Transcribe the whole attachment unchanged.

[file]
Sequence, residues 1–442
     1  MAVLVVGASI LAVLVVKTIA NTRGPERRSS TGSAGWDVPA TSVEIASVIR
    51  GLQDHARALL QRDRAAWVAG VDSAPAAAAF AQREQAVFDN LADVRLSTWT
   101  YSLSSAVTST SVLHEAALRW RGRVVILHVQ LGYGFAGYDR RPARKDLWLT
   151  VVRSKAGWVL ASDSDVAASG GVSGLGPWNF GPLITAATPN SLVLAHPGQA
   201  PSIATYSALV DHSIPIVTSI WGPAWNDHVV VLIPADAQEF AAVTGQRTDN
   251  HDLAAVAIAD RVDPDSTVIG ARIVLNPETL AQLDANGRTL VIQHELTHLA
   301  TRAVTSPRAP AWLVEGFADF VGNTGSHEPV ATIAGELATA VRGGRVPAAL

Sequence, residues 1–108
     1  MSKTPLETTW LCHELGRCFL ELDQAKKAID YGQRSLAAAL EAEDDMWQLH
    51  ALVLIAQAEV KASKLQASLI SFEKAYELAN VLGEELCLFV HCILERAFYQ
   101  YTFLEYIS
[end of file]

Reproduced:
Sequence, residues 1–442
     1  MAVLVVGASI LAVLVVKTIA NTRGPERRSS TGSAGWDVPA TSVEIASVIR
    51  GLQDHARALL QRDRAAWVAG VDSAPAAAAF AQREQAVFDN LADVRLSTWT
   101  YSLSSAVTST SVLHEAALRW RGRVVILHVQ LGYGFAGYDR RPARKDLWLT
   151  VVRSKAGWVL ASDSDVAASG GVSGLGPWNF GPLITAATPN SLVLAHPGQA
   201  PSIATYSALV DHSIPIVTSI WGPAWNDHVV VLIPADAQEF AAVTGQRTDN
   251  HDLAAVAIAD RVDPDSTVIG ARIVLNPETL AQLDANGRTL VIQHELTHLA
   301  TRAVTSPRAP AWLVEGFADF VGNTGSHEPV ATIAGELATA VRGGRVPAAL

Sequence, residues 1–108
     1  MSKTPLETTW LCHELGRCFL ELDQAKKAID YGQRSLAAAL EAEDDMWQLH
    51  ALVLIAQAEV KASKLQASLI SFEKAYELAN VLGEELCLFV HCILERAFYQ
   101  YTFLEYIS